Pickle Inspector looked apprehensive. “What, ahh. What about. M-my legs?”

            Droog had been considering his legs. “I won't break your legs either.”

            “Or m-my ribs?”

            “Or that.”

            “A-a—a-and. D-definitely not my spine.”

            “I won’t break any of your bones.” Droog was loath to make a promise like that, but if it freed him it would be worth it. “Please, Inspector, just untie me.”

            The Inspector chewed on his thumbnail. He looked Droog over, then looked away. He furrowed his brow as though deep in thought. Finally, he said, “All right.”

            Droog didn’t show any signs of his relief, but he was indeed relieved. He waited patiently as the Inspector carefully untied him. He rubbed at his wrists, where the rope had been, and inspected his skin for marks. The rope had not been tied tightly enough to leave much of a trace, although he had given himself some rope burn while he was struggling. It would fade soon enough. He had other things to concern himself with at the moment.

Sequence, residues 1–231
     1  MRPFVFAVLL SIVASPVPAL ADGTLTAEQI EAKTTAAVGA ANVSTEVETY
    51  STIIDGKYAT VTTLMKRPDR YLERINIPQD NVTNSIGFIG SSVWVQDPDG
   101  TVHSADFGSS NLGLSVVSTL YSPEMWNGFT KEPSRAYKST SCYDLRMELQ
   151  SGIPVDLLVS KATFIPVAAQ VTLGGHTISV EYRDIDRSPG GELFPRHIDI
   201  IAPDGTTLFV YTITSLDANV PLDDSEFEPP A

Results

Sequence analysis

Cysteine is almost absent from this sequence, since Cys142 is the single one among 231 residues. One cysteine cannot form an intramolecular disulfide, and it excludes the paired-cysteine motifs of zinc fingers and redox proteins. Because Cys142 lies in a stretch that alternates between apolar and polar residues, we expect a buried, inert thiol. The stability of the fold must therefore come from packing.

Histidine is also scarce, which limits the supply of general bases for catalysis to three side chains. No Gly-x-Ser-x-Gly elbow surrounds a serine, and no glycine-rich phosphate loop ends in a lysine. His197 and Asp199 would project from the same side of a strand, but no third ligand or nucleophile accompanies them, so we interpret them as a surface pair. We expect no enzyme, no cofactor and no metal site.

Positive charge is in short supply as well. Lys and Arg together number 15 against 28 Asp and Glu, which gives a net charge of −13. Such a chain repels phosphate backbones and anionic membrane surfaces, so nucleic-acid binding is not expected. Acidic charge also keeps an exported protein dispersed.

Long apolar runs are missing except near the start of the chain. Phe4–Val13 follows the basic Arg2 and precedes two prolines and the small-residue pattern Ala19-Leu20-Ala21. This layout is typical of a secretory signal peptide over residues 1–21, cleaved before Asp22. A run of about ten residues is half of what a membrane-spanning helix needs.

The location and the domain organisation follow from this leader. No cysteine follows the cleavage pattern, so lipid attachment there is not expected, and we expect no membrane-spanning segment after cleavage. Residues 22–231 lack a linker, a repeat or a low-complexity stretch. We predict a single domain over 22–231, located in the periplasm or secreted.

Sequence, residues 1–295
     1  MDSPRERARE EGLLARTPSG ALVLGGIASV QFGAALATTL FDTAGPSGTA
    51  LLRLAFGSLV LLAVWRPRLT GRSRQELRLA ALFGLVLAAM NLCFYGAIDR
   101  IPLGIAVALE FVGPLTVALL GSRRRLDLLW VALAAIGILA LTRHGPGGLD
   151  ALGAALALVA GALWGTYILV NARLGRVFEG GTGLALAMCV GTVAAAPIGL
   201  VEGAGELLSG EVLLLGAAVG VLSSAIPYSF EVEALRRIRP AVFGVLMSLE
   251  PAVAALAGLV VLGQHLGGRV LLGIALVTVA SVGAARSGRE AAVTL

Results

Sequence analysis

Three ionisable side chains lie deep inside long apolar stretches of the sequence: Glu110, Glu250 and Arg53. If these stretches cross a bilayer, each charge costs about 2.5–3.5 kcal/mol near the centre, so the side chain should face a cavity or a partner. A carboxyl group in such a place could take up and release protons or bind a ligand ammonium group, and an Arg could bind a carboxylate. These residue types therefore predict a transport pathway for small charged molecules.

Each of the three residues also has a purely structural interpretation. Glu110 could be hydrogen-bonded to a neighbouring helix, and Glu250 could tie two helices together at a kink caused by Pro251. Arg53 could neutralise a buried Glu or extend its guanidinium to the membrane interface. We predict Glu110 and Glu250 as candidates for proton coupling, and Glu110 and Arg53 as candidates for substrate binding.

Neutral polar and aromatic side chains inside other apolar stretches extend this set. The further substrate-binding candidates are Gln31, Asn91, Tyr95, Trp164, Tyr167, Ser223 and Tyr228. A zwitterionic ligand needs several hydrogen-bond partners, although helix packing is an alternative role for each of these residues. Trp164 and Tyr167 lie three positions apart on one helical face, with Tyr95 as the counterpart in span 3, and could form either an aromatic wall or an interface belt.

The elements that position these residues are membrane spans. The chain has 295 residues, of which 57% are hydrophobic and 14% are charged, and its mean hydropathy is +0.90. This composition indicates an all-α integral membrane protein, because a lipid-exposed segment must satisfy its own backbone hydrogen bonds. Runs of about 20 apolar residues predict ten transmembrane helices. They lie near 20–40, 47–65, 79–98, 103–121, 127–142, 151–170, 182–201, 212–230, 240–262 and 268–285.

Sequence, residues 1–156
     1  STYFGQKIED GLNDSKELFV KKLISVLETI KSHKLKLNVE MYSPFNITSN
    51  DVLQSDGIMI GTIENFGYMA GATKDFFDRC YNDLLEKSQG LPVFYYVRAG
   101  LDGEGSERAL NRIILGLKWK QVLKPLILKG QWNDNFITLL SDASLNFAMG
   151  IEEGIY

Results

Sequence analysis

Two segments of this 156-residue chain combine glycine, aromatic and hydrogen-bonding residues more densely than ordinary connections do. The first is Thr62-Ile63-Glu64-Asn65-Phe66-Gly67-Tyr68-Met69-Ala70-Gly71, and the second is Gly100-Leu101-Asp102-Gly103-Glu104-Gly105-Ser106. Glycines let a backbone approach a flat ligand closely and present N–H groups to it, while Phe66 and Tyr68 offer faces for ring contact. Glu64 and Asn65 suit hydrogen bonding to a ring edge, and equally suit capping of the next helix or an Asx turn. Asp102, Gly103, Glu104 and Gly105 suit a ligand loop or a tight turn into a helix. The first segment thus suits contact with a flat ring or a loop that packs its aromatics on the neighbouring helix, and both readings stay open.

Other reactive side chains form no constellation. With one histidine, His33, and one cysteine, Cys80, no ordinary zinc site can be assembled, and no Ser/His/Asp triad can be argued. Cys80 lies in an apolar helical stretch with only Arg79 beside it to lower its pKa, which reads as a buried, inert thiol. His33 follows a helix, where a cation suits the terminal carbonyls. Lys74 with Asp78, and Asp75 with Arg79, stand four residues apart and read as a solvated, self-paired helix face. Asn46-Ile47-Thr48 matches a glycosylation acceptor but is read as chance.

Once he was completely untied, Droog stood, stretched, and then put the Inspector into a choke hold. The Inspector struggled against the hold, but he was far too weak to put up a fight against Droog. Droog took the rope from the Inspector’s hands and set about tying the detective up, binding him to the same chair he had just been in.

            “I—I’m s-sorry,” the Inspector said as Droog tightened the bonds on his ankles. “I—I d-didn’t mean to anger you, I j-just—“

            “Stop,” Droog said. He stood and straightened out his suit. It was, unfortunately, wrinkled. “Stop all of this.”

            “I j-j-just w-wanted to see you.” The Inspector’s voice cracked, and tears welled up in his eyes.

            “This is not the way to go about it,” Droog said.

            Pickle Inspector nodded and sniffled. He looked away. “W-w-w-would you umm. L-like to. To have tea, w-w-with me, s-sometime?”

            Droog rolled his eyes, then kicked the chair over. The Inspector fell backwards, landing with a pained yelp. Droog turned and walked to the door, ignoring the Inspector’s sniffles and sobs. He opened the door.

            “C-c-c-can I—“ Droog looked over his shoulder as the Inspector spoke again. “Can I h-have your number?”

            Diamonds Droog sighed and left the room, slamming the door behind him.